Troasts drawn to the land
Jack and Regina Troast first saw the property in the fall of 2001. “It was late in the afternoon and this was the last of the houses that we were going to look at,” Regina said.
“We were wondering if the house would be too small. I don’t think the broker had even turned off the car before Jack was out of the car and running to look over the hillside,” she remembered.
“What drew me to the land was probably a combination of the potential and the natural beauty and wonderful space.” Jack said. “You can make a house work for you but you can’t reproduce the land.”
“I was immediately drawn to it,” Regina commented. “I grew up in western Massachusetts with the state forests and beautiful lakes. The hill and the trees just pulled me in.”
The Troasts worked with architect Larry Sorli, Jr., to design a Gambrel-style addition that would maintain the house’s cozy presence and connect with Carlisle’s small-town charm.
Jack, who works in the commercial real estate business, supervised the construction. Regina, who is a former teacher and member of the Carlisle School Council and the Curriculum Enrichment Committee, coordinated many of the design details.
Construction of the addition proceeded throughout the spring and summer and the Troasts moved in during September 2002. ∆
Tree varieties seen at Carlisle farm
Colorado Blue Spruce
The Colorado Blue Spruce is an attractive tree with a narrow, pyramidal shape, cone-shaped crown and somewhat prickly needles. The species can reach a mature height of 65-115 feet with a diameter of two to three feet. Blue Spruces grow relatively slowly. They are long-lived and may reach ages of 600-800 years.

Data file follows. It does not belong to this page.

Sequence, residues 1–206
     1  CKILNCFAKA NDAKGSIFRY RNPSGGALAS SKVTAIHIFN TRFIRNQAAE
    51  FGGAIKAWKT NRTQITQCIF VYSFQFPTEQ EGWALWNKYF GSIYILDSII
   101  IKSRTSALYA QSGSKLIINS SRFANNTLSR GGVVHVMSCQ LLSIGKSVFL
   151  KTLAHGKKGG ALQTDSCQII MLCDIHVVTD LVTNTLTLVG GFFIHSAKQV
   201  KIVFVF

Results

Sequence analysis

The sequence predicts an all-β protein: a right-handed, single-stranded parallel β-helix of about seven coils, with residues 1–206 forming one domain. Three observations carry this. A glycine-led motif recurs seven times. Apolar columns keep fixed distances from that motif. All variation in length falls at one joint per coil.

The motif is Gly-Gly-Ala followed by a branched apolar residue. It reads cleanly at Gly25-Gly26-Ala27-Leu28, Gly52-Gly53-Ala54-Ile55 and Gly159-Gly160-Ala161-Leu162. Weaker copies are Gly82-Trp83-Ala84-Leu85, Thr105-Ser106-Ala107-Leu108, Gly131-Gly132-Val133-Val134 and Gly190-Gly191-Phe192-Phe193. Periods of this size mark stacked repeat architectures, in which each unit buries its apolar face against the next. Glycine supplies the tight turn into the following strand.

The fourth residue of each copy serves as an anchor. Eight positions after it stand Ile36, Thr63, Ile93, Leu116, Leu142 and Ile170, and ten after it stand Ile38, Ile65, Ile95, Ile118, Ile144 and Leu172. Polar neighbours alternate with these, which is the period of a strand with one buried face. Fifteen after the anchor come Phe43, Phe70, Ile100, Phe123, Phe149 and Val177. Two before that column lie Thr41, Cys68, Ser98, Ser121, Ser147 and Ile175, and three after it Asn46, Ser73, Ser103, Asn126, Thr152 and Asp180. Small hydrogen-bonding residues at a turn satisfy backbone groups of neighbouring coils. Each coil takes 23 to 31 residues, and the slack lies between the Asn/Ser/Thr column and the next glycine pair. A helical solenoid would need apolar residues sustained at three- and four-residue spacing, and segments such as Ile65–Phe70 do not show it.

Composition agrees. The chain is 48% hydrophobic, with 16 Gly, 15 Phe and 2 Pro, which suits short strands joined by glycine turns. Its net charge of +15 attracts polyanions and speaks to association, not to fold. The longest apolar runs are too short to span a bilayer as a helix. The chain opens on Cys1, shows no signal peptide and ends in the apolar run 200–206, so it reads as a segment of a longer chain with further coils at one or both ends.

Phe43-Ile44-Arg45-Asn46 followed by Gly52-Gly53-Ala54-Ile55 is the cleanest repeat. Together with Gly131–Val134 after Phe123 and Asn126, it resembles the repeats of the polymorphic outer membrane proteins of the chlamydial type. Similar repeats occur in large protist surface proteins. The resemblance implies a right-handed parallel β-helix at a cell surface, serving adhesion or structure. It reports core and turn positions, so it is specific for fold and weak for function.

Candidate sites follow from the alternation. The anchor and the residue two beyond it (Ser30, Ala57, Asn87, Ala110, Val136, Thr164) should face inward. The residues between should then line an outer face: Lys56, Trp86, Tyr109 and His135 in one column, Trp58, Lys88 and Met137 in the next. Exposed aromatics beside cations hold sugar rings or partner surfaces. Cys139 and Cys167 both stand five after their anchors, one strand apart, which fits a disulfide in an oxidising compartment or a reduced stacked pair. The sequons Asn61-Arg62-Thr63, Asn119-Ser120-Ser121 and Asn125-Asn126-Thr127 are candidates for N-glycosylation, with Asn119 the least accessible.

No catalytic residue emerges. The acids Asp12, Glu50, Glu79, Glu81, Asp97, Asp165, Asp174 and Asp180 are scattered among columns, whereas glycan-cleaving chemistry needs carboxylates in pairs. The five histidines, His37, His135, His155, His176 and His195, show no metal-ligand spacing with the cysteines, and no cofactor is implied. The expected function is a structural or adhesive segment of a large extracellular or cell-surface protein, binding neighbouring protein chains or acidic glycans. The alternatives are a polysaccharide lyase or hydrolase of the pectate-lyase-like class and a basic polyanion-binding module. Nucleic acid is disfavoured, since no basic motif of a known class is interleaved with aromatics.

Concolor Fir (also known as White Fir)
The White Fir is an appealing tree with a spire-like crown, straight trunk and soft needles. Native to the western United States, it may reach sizes of 130-150 feet in height and three to four feet in diameter. The oldest white firs may reach 350 years of age.
The Douglas Fir is not actually related to the true firs. The branches are spreading to drooping, with sharply pointed buds and small firm needles. The species grows from 70-250 feet tall with spreads of 15-25 feet.
The Fraser Fir is a southern fir, quite similar to the Balsam Fir. It has a compact shape, dark green needles, an intense fragrance and unusually good needle retention. A small- to medium- sized tree, the Fraser Fir can live to 150 years and rarely grows taller than 70 feet.
© 2009 The Carlisle Mosquito